TYPOLOGY \ OBJECTS \ Figurines \ 557c-intro
1: M. Kelly-Buccellati, September 2002
IntroductionThe number of human and bird figurines found in the excavations is not as great as the number and variety of animal figurines. In the corpus of human figurines the number of females is greater than the number of male figures. While this is a standard pattern in many sites, the discovery of a large clay female statuette (A12.30) in a pit located near the Underground Structure (āpi) that has many characteristics in common with smaller female figurines helps to give a more complex context to not only the architectural area of the A12 structure but also may give some evidence toward a specific function for some at least of these female figures. While it is not necessarily the case that the A12.30 statuette was used in the āpi, its find spot in a pit near the āpi cannot have been coincidental. The āpi had been there for generations and in continuous use at the time of the burial of the statuette. I have been of the opinion for some time that the context of the statuette was a favissa. It is now clear that the closest religious structure is the āpi; while their contiguity is not a conclusive factor in the interpretation of each, the suggestion is surely to be kept in mind.
The human figurines which make up the present typology are all incomplete with, for the most part, torsos preserved. The figurines are broken at the weakest parts: neck, waist, knees. The arms are broken off at the shoulders. Other applied elements such as breasts and necklaces (and counter weight where present) are often missing. In a few cases the arms are missing but some indication of the hands can be found on the front of the torso. However it is rare that hands or even finger patterns are present; one of the exceptions is Z1.230 which has short incised lines at the waist probably indicating fingers.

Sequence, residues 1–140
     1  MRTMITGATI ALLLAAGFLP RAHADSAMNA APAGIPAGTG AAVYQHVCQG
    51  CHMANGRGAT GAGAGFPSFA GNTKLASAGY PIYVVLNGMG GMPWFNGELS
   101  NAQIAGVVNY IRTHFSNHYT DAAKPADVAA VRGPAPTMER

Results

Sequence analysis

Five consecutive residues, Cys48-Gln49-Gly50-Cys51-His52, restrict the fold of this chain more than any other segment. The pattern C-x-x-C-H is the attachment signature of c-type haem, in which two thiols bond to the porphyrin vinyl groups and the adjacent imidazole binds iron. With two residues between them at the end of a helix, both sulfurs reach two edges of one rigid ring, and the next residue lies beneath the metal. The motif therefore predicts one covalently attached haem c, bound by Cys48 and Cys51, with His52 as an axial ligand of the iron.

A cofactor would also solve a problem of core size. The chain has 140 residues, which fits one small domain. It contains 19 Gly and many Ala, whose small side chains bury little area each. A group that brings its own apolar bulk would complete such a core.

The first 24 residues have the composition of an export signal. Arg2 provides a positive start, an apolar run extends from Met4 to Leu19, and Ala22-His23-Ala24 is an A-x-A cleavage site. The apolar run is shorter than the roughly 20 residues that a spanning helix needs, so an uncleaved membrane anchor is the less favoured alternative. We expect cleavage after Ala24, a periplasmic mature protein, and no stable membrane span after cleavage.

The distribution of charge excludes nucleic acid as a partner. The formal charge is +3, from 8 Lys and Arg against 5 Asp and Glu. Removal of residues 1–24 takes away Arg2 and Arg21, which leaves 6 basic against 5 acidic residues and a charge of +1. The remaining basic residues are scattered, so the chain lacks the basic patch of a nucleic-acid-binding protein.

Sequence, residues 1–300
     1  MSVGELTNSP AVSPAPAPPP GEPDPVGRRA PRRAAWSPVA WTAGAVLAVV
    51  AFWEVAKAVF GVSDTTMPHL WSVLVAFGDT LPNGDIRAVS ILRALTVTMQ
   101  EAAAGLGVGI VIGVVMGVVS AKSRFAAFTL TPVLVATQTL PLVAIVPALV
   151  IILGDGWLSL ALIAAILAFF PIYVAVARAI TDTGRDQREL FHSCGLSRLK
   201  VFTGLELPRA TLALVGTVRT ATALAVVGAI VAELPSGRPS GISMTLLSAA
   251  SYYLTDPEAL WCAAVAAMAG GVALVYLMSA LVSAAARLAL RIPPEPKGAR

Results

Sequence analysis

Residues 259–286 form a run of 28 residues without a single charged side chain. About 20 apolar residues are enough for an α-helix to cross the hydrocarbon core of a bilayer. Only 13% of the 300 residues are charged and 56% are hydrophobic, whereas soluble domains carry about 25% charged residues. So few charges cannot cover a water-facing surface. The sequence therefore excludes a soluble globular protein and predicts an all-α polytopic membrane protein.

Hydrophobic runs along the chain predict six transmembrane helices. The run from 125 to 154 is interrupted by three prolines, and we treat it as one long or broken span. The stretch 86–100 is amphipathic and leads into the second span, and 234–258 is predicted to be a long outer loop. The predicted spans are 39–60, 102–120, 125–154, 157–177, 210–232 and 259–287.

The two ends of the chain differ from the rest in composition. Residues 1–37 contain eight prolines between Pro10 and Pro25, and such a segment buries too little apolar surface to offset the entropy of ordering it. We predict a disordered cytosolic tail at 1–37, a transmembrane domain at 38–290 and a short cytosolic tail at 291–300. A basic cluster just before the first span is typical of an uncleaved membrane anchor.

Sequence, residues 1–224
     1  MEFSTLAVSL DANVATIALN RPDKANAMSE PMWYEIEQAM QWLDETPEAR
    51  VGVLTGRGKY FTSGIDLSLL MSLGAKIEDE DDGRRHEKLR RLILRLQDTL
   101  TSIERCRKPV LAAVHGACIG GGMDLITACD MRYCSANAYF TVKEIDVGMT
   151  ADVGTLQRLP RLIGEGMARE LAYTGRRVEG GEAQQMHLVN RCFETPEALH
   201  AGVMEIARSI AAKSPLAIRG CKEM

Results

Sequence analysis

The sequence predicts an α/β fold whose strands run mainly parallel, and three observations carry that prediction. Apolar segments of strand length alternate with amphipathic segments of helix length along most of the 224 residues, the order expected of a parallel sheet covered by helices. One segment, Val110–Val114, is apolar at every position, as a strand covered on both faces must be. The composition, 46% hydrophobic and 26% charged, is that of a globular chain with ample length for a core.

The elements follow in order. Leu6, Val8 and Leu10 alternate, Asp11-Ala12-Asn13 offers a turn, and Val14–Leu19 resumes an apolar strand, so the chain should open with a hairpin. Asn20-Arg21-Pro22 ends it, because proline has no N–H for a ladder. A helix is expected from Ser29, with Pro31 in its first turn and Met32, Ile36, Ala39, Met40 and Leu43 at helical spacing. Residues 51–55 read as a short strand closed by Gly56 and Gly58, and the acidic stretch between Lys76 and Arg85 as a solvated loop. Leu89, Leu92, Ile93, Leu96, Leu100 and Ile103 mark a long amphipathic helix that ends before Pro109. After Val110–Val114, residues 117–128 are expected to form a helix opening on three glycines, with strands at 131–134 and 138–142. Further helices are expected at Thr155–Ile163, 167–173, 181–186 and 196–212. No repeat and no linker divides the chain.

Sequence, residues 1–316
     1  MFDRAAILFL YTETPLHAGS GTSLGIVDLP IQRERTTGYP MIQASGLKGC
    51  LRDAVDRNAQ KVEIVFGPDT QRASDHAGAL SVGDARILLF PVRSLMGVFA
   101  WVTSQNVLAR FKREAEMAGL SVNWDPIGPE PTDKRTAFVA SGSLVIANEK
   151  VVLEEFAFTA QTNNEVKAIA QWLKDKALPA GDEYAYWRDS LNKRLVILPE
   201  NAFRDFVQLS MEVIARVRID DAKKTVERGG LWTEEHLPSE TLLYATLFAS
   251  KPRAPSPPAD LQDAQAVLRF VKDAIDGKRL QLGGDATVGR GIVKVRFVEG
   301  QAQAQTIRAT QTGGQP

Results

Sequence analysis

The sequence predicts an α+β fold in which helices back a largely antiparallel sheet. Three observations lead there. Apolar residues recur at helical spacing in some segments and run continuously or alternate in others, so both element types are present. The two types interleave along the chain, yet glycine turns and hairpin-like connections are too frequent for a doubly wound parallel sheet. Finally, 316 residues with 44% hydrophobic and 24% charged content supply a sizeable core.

Necklaces are frequently applied to female figurines as a rectangular strip with short vertical or diagonal incised lines. One figurine has applied on the necklace small circular pellets which indicate beads Z1.398. Some necklaces completely surround the neck. However in many cases a different manner of hanging is present; that is a counter weight is used to counter balance the weight of the necklace and distribute its weight onto the shoulders instead of the back of the neck. In these cases the necklace itself ends on top of the shoulder, then, from each side of the necklace a thick applied band extends down the back of the figure to about the level of the shoulder blades. At that point the two bands join and continue as one down the back. The best example of this type of counter weight is Z1.231 dated to the Khabur period. In one case (A6q593.1 from feature 195) the counter weight is indicated not by an applied band but by an incised line; it too comes from the shoulders in two lines and joins just below the shoulder blades.
All the figurines are made by hand with often remaining traces of finger impressions (noted individually in the catalog entries). The plaques are mold made with flat backs which often are scraped or flattened by hand after coming out of the mold. The realistically modeled nude female figurines have an interesting production technique exhibited by A12q19.1. In this piece one leg and one half of the buttock were modeled together but separately from the other leg and buttock. They were only joined at the front edge of the pubic triangle and at the top of the hip. This production technique allowed the buttocks and leg to be subtly modeled, resulting in a very harmonious and accurate rendition of this part of the body.